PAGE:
Reconstruction projects have been halted in Mosul because contractors are afraid to work. Civilians scurry when Army convoys approach, shuttering their businesses and running inside their low-slung homes. Posters at gas stations from the militant group Ansar al-Islam warn that anyone who votes in the elections will be beheaded.
  Some U.S. officers blame the deteriorating security situation on combatants fleeing Fallujah in November after the Marine invasion and bringing their operations to Mosul. But others believe the insurgency here is mostly home-grown, made up of local Sunni Baathists and Islamic religious fanatics who have more freedom to operate with a reduced U.S. military presence. Last January, 20,000 U.S. troops patrolled Mosul, but now no more than a quarter of that are here.
  Reinforcements are on the way, according to Gen. Carter Ham, who commands the troops in northwest Iraq. Soldiers from other units will help provide security in the build-up to the elections, expected to be an even more violent period.
  In the meantime, the 1-24 and other Army units here are left to battle an enemy that is learning to use its observations and small weaponry to considerable effect. On Wednesday afternoon, Combat Outpost Tampa was ground zero for that fight.
  Lt. Col. Erik Kurilla, commander of the 1-24, based in Fort Lewis, Wash., said he considered Tampa a success. Intelligence officials said the outpost's sheer presence disrupted the ability of insurgents to coordinate and move freely.
  Sanchez and the other soldiers who rotated through Tampa, a few miles from their unit's heavily protected camp, weren't open targets, Kurilla said. "It's a horrible loss, as is the loss of each soldier ... " said Kurilla, 38, of Minneapolis. "Every death could be prevented if we'd stayed at Fort Lewis , if we'd stayed and huddled behind walls. You take the fight to the enemy, which is how you save lives as well."
  Kurilla was ensnared in Wednesday's attack. His small convoy of Strykers had just left the outpost after checking on the troops, warning them as he had all week that intelligence reports showed an impending attack. He had directed the soldiers at the outpost to shore up security.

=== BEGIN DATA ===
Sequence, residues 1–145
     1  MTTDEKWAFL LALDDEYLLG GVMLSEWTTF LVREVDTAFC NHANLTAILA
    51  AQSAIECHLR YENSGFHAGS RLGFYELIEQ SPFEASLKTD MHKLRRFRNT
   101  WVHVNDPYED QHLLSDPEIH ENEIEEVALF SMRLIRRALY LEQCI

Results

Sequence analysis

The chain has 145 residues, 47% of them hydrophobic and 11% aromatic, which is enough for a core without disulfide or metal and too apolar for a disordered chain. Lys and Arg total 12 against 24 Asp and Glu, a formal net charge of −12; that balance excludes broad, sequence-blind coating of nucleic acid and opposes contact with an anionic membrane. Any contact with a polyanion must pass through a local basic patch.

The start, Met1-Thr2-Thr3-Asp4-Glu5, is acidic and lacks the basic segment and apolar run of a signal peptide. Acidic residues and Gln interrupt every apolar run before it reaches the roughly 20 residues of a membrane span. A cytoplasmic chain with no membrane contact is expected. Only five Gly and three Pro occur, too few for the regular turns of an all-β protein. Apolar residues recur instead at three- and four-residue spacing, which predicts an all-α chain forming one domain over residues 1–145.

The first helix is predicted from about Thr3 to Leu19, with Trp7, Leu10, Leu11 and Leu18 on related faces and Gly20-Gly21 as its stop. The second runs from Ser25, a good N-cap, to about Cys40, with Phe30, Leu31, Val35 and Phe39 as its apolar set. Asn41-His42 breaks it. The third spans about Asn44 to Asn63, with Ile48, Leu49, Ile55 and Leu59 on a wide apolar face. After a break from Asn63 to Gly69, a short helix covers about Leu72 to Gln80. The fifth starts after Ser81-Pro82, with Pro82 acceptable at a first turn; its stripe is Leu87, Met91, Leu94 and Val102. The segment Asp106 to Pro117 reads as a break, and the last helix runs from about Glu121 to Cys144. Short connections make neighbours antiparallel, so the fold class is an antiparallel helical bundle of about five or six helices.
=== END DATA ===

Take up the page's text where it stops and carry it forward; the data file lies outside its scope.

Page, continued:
The explosion sent shock waves through Kurilla's vehicle. His convoy doubled back to the outpost, and suddenly, a man behind the wheel of a sedan idling along the shoulder of the road pulled out and smashed his car, jam-packed with explosives, into one of the Strykers, sending some of the soldiers crashing to the floor in the blast.
  As the dust cleared, Kurilla realized that somehow, in the minutes since they had passed, insurgents had strung seven large explosives across the street.
  "There are IEDs all over the road!" yelled one soldier, using the military acronym for improvised explosive devices.
  By now, bullets were whizzing everywhere, some from U.S. troops and some from insurgents lying in wait. One U.S. soldier shot the detonation wires of a few of the explosives, disabling them, and another shot two of the mines to detonate them.
  Finally, Kurilla's convoy arrived at Tampa, which was under barrage from mortars and rocket-propelled grenades, and saw a 5-foot-deep crater in the road -- and the remaining bits of charred, crumpled metal from the truck that had carried the explosives.
  Four loud fighter jets appeared overhead, strafing the cars and low-slung buildings where insurgents were holed up and swooping to fire Maverick missiles on targets. Their precision was startling, and a relief to those who sat in nearby military vehicles.
  The fighting stopped. Some units headed back to Camp Marez, leaving behind cars with dead Iraqis inside and rubble-strewn streets. Soldiers silhouetted by a pink sunset watched their battle-worn vehicles limp back into camp. Two of the Strykers had to be towed. Smoke was pouring from the hatch of another. One dragged concertina wire underneath its bumper and one rolled back with a blown front tire.
  Staff Sgt. Victor Brazfield, one of the soldiers in Kurilla's convoy, worried about his best friend, Sgt. Richard Vasquez, 22, who was in the Stryker targeted by the suicide car bomber. During the battle, Brazfield's headphones had crackled with a report of a KIA, or soldier killed in action.
  As night fell, Brazfield rushed to an Army hospital to drop off more wounded, where he found Vasquez, lying on a bed, awake, with a bandage over his eye.
  "When I saw him," Brazfield said, "I just cried."
  But by the following morning, he had learned that it was a different friend who had died: Sanchez.

"He was my Joe," Brazfield said. "He was my soldier."

He looked at the ground and walked away.